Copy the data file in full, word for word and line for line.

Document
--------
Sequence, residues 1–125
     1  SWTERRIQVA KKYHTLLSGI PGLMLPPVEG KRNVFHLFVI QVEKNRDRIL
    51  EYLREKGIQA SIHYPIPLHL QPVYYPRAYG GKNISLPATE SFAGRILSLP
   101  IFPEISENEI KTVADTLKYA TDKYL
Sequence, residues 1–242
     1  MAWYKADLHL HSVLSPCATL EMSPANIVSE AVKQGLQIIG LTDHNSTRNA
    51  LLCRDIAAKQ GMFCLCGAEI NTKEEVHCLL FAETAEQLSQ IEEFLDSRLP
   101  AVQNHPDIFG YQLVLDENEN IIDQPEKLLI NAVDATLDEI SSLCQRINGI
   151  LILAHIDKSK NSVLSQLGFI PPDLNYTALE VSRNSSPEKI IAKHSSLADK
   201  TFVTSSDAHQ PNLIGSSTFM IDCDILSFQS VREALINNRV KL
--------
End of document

Sequence, residues 1–125
     1  SWTERRIQVA KKYHTLLSGI PGLMLPPVEG KRNVFHLFVI QVEKNRDRIL
    51  EYLREKGIQA SIHYPIPLHL QPVYYPRAYG GKNISLPATE SFAGRILSLP
   101  IFPEISENEI KTVADTLKYA TDKYL
Sequence, residues 1–242
     1  MAWYKADLHL HSVLSPCATL EMSPANIVSE AVKQGLQIIG LTDHNSTRNA
    51  LLCRDIAAKQ GMFCLCGAEI NTKEEVHCLL FAETAEQLSQ IEEFLDSRLP
   101  AVQNHPDIFG YQLVLDENEN IIDQPEKLLI NAVDATLDEI SSLCQRINGI
   151  LILAHIDKSK NSVLSQLGFI PPDLNYTALE VSRNSSPEKI IAKHSSLADK
   201  TFVTSSDAHQ PNLIGSSTFM IDCDILSFQS VREALINNRV KL